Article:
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How to Keep Your Young Tennis Star Busy

I remember the first USTA sanctioned tournament my daughter played in. It was several years ago, about this time of year, and she got crushed in both her matches. It wasn’t easy to watch, but it was great experience.

If your child has been working hard at junior clinics, private lessons, match play, or any other practice, now is a perfect time to let them try a USTA sanctioned tournament. There are several to choose from—I’m including a list below. My biggest piece of advice? Don’t be afraid to put them in a tournament where they might lose!

Somebody once told me that a competitive player should have an even mix of matches that fall into three categories: easy-to-win, surely-to-lose, and evenly-matched. Maybe your child has been playing the Bernard Masters Circuit and winning a lot of matches. Or maybe he or she has been beating all the other kids during match-play days. Now is the time to push a little and see what happens at the next level.

Rest assured, your child will let you know how they feel about the competition. When my daughter played that first tournament I mentioned above, one of her friends from clinic did the same. They were both about the same level at the time. My daughter’s friend lost both her matches too. Afterwards her mom said to me, “That was horrible! She won’t be doing that again!” And she didn’t. That girl went on to be a nice player, and was actually on my high school tennis team at Bishop Watterson. But she didn’t pursue playing higher-level tournaments, it wasn’t something she enjoyed.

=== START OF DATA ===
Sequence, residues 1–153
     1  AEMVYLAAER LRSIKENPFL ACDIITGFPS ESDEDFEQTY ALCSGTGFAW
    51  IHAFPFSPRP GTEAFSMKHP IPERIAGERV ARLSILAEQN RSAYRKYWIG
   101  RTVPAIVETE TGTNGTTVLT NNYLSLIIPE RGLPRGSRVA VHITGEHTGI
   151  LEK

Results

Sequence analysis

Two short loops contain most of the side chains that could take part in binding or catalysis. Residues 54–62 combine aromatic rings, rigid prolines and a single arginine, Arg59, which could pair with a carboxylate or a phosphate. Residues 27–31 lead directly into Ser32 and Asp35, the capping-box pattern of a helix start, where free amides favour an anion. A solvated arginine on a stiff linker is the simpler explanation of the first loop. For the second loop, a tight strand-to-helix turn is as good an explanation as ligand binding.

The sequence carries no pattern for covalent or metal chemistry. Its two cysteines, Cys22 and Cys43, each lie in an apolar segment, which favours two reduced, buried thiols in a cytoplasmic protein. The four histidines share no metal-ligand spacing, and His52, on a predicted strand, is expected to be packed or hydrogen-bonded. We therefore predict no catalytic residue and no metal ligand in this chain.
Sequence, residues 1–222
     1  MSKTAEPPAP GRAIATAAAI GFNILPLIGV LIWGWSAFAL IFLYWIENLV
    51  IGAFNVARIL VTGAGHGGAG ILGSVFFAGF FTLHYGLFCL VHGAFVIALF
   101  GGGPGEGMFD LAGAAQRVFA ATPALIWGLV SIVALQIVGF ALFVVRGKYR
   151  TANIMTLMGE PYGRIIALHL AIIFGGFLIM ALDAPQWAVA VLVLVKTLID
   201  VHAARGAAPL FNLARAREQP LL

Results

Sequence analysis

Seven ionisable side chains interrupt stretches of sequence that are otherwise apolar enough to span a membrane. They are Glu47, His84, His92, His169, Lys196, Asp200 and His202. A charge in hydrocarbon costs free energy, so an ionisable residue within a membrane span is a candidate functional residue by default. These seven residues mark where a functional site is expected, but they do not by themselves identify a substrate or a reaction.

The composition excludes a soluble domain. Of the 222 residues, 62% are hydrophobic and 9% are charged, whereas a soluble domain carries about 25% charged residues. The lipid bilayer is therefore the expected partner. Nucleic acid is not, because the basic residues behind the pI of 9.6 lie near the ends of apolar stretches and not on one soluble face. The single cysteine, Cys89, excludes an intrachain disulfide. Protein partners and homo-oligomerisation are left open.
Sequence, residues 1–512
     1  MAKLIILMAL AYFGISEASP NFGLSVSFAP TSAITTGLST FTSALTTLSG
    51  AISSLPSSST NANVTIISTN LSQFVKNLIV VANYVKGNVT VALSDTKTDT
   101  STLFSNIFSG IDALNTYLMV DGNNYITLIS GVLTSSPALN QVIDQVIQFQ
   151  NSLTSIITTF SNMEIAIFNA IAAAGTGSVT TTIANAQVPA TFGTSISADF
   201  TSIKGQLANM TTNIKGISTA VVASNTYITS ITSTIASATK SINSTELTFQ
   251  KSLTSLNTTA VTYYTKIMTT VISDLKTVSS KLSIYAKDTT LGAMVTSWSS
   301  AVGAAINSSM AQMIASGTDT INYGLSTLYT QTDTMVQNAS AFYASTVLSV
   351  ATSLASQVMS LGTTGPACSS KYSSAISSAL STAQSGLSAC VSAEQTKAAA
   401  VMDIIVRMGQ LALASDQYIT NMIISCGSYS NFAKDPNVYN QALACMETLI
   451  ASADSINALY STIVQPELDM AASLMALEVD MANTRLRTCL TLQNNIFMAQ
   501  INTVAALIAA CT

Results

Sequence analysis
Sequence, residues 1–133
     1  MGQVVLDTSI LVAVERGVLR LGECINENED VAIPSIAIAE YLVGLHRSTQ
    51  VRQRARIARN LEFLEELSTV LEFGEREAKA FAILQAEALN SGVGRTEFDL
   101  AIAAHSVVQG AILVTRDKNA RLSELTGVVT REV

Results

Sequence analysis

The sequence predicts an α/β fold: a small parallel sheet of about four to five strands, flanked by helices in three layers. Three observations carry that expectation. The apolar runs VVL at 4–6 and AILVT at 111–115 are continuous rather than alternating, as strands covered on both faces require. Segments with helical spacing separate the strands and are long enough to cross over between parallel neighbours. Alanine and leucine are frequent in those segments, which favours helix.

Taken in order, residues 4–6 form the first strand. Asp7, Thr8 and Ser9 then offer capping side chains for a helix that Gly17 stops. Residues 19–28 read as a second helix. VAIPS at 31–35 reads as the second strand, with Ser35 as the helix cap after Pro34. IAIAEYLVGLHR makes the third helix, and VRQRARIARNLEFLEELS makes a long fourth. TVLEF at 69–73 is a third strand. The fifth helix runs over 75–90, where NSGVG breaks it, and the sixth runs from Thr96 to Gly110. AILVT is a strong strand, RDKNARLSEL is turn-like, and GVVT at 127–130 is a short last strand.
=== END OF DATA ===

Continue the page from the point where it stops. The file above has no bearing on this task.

Every child is different. I was able to see my daughter’s intense competitive spirit from a very young age. After that first tournament she told me she wanted to work harder so she could beat those girls the next time. She was hungry for more. Over the years she has improved and won a lot, but she also loses plenty of matches. She continues to lose every time she is pushed to the next level. But she is very competitive and she uses her losses to become a better player.

So use the next few months to see how your child does when pushed to that next level. And enjoy the ride!


Here is a listing of local tournaments through the end of February. (There are more tournaments in Cincinnati and Dayton, if you’re interested in traveling but I am not listing them here.) Your child must have a USTA membership in order to participate in any sanctioned tournament. You can sign up for a membership by clicking here. Click on each tournament to access the registration page on the USTA website.


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